Fabrizio Cammarata

Fabrizio Cammarata grew artistically opening shows for Ben Harper, Patti Smith, Hindi Zahra, Iron & Wine, Villagers, Paper Kites, and over the years he has performed onstage with Damien Rice, Daniel Johnston, as well as Tamikrest.

He has toured Europe and North America since 2007 with his songs of love, longing, lights and shadows, inspired by the voices of Chavela Vargas, Leonard Cohen, Fabrizio De André, along with Federico García Lorca’s poetry and Wim Wenders's road movies. He shifts through multiple languages, staying true to his Mediterranean descent, evolving with the musical curiosity of a tireless traveller.

Since 2007 he’s released two albums with the band The Second Grace (“The Second Grace” and “Rooms”) and a soul album in collaboration with Paolo Fuschi (“Skint And Golden”). He started his solo career in 2016, with the EP “In Your Hands” and two critically acclaimed albums: “Of Shadows” (2017) and “Lights” (2019).

In 2017, together with singer-songwriter Dimartino, he released “Un Mondo Raro”, an album dedicated to the Mexican late singer Chavela Vargas. Since 2017 he’s been collaborating with producer Dani Castelar (Paolo Nutini). His brother Roberto Cammarata joined the artistic production team in 2023.

New single “Stripped To The Bone” out now

“My direction? To become an indie-folk Rosalía.” When Fabrizio Cammarata traces his artistic ambitions, the comparison may sound risky. And yet, when he speaks about how he’s been influenced by the most famous Catalan singer in the world, he does so by referring to Rosalía's ease in passing from one idiom to another, from tradition to modernity, from flamenco to James Blake.

Hints of flamenco already arrive in the first seconds of "Stripped To The Bone", the new single by Cammarata, out on April 21 on Kartel Music Group, which makes it clear that the "palmas" (complex patterns of hand claps typical of Andalusian music) will act as the supporting rhythmic structure from the beginning to the very end of the song.

Fabrizio produced "Stripped To The Bone" along with his brother Roberto Cammarata, producer and musician who in recent years has distinguished himself for his work with Italian band La Rappresentante di Lista. "Strangely, we had never worked together, although if I grew up with a guitar in my hand, I owe it to him in the first place”, says Fabrizio.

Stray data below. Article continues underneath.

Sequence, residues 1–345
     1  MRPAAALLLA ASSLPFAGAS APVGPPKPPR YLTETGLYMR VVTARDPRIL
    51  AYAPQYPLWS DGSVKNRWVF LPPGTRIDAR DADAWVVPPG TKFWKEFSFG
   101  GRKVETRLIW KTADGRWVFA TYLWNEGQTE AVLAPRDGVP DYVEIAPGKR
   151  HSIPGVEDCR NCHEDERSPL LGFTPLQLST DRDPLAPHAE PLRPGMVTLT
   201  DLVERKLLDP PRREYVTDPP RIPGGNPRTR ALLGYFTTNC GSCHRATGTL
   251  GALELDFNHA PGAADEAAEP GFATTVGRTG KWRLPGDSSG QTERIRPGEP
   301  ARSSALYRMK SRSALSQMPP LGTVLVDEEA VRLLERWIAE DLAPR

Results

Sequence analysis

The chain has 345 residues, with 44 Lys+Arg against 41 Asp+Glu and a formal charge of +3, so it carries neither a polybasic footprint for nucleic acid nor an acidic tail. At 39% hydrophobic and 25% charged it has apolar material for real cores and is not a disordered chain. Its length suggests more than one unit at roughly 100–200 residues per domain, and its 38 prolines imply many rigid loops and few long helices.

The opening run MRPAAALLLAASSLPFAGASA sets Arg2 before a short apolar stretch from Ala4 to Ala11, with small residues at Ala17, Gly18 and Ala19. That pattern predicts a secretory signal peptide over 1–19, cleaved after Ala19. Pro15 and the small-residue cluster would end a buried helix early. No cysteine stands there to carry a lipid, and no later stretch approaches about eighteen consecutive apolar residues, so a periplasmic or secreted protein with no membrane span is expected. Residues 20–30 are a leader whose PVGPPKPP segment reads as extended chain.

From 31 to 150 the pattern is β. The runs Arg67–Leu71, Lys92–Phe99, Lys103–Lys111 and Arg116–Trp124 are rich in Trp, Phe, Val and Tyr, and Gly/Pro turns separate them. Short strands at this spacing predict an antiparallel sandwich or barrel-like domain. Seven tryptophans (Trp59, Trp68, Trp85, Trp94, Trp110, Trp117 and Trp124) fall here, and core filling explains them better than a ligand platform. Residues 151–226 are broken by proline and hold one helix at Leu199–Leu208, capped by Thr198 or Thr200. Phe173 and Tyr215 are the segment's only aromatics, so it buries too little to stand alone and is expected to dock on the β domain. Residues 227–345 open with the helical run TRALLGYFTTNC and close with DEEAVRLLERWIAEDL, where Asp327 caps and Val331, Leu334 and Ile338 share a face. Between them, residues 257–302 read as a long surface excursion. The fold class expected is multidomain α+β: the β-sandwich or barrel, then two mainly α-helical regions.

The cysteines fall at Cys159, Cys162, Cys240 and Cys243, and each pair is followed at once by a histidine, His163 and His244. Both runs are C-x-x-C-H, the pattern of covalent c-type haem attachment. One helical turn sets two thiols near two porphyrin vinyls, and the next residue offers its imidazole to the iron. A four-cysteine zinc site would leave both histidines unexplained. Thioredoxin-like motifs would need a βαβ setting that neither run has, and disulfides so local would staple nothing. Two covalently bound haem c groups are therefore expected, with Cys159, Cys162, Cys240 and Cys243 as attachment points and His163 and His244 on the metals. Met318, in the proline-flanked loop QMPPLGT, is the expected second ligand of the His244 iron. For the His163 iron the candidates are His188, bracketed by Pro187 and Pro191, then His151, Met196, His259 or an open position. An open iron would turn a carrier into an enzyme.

“Stripped To The Bone” is also Cammarata's first time without his favorite instrument: the sound that accompanies the whole song is that of a bouzouki (“I chose to pluck it in this nervous way, in line with the text, I wanted it to sound more like a North African oud").

However, it’s still the Mediterranean world, the only identity that Fabrizio recognizes as his own: “I feel no flag as mine; perhaps I even feel no language as completely mine, the only thing I feel I belong to is this huge salt lake full of history, love and pain.”

And like the pirates of the Mediterranean, those mysterious "Peoples of the Sea" from the Bronze Age, Cammarata boldly takes possession of the languages with which he grew up: “English is the language of my childhood, that of the music I was first exposed to. Italian is the language of when I discovered poetry. Spanish is - simply - the language of "La Llorona", the song that feels most personal to me, even if I didn't write it. No one knows who wrote it, its author is lost in the mists of time, like the discoverer of fire, but "La Llorona" is about me, it's 100% mine."

When we talk about "La Llorona" our thoughts go to Mexican late singer Chavela Vargas, who made it famous and to whom Cammarata, together with his friend Dimartino dedicated the album "Un Mondo Raro" in 2017. “During COVID, it was Chavela who saved me again. It was her, together with my psychotherapist… I discovered that, deep down, their job is the same.”